Ah, spring, when the first crack of the bat signals those sweet, sanguine afternoons around a ball field. Today, a dreary Saturday, a team of a dozen or so guys gathers at an indoor batting range where, for two hours, they take turns hitting and bowling.
They . . . what? Cricket.
“Is it jai alai?” asks a young dad, wearing a New York Yankees ball cap and taking guesses, some as wild as the Greater Greenville Cricket Club’s dazzling array of pitches. No, this definitely isn’t jai alai, the Latin American racquetball-like game whose hand baskets happen to be wicker. At least, wicker sounds like “wicket,” the most prominent term in what has to be the world’s most fascinating ball-and-bat game.
Our spectator, sitting on a metal bleacher alongside two equally perplexed boys, both about 10-years-old and grasping baseball bats, takes another swing at the goings-on inside the Strike Zone’s green nets.
“Cricket? Isn’t that what they play on the horses in England?”
Strike two. So much for being the second most popular game on Earth. Just behind soccer, cricket is venerated in more than 100 countries, many of them former British colonies. Most, if not all, of GGCC’s members hail from South Asia, primarily India.
“When I came to the U.S., I had to play cricket because cricket was kind of a religion for most of us,” says team captain Hari Krishnan, 27, the 2017 Division I Champion Player of the Year in the Carolina Cricket League, with 29 teams from Columbia to Greensboro.
Krishnan, who played professionally in India, really does talk with a fundamentalist’s passion about the game. “I love this sport. Because it’s a sport and you learn about people—how to get the best out of them and how to get the best of you when the chips are down—it gives you a taste of success.”
The team has seen its share of that, too, beginning in 2008 and now boasting around two dozen players. The 2014 Division II champs credit the city of Woodruff for boosting the game here, thanks to a large field created for them at the Woodruff Leisure Center.
“There was nothing around here where people could come out and play, people with like-minded interests,” says Guru Raghuram, 37, GGCC’s longest-playing member, who arrived here in 2007. “It’s grown quite a bit. It’s pretty satisfying, especially when it started out with four members. It’s nice to see it grow so much over the years.”
Cricket is action-packed—within the first 10 minutes of practice, the guys break into a sweat. At one end of the rectangular pitch, the center of the game’s action, a bowler races several feet toward one wicket—the game’s three signature “stumps”—to hurl a ball at the other. There, the opposing player, the batsman, tries to swat the ball away. He can hit in any direction, where the opposing team’s 10 fielders entirely surround the pitch. Incidentally, the ball, with a sewn center seam, is really hard. But only batsmen wear gloves. Scores can hit three digits and games can last as long as five days, though cricket’s three different formats determine the length of play, usually based on number of pitches.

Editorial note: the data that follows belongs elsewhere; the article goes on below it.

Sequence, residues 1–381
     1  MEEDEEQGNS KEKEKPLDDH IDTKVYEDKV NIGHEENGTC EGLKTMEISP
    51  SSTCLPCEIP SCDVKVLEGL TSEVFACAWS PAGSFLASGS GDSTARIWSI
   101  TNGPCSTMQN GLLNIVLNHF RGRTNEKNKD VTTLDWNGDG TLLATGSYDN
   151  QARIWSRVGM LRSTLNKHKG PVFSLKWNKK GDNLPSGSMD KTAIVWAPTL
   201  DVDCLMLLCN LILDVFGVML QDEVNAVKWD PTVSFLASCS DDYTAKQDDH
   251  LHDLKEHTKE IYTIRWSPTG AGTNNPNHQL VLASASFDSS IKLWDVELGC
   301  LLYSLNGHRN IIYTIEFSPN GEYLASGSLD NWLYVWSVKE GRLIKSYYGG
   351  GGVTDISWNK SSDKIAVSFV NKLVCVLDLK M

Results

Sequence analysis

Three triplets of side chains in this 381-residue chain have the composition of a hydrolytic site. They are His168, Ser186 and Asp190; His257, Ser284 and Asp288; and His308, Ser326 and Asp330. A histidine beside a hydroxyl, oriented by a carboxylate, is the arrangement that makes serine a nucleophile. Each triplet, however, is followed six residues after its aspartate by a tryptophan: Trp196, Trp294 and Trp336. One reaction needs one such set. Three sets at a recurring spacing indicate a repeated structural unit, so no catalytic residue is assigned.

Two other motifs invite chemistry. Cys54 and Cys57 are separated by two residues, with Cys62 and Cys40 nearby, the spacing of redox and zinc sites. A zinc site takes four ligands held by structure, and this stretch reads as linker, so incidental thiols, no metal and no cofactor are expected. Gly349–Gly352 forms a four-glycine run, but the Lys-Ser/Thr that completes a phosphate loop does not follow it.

“There’s a lot of strategy,” says Ashwinraj Thiagarajan, 26, an electrical engineer who came to the area from India in 2013. “You have to choose your team: a person who can just bat, a person who can just bowl, and a person who can do both.”
As fluent as they are in the game, so they are in multiple languages. Spend any amount of time with these players, and it feels like a visit to far-flung ports-of-call with a stew of exotic languages, such as Hindi and Tamil. English is the game’s lingua franca, of course, because cricket began in England.
Said to have originated in the thirteenth century, the game was first referenced as an adult sport in 1611—long before the founding of the New York Knickerbocker Baseball Club in 1845. Cricket’s laws, as they’re called, were adopted in 1787 and now fill 82 pages, with the first page titled, “The Spirit of Cricket.” These days, it’s the country’s fastest growing sport according to the Washington Post in 2012, boasting some “15 million fans and an estimated 200,000 players.” GGCC’s players, among the nicest bunch you’d ever meet, are nothing if not steeped in a game who’s spirit is catching on.
“The people that get interested get into it,” says K. Bapat, 44, who started playing when he was eight years old in Mumbai, India. “It’s a little complicated initially, but, like for us, if someone tells me, ‘Do you know anything about baseball?’ I don’t know anything about baseball, but I can learn it.”
Swapnil Kabu, 27, also an engineer, echoes Bapat: “I mean, people who are out for trying new stuff, it’s just like people who like Indian food—a lot of people like Indian food right? But if they’ve never tried it, they don’t know if they would like it or not.”
Team captain Krishnan hopes to retire one day and spread the game throughout his adoptive sports-hungry country. “In the U.S., the sporting structure here is so good. It’s just phenomenal. When I think about it—look at football, look at baseball, look at basketball—the sports structure to groom sportsmen from school all the way to pro leagues, it’s just phenomenal.”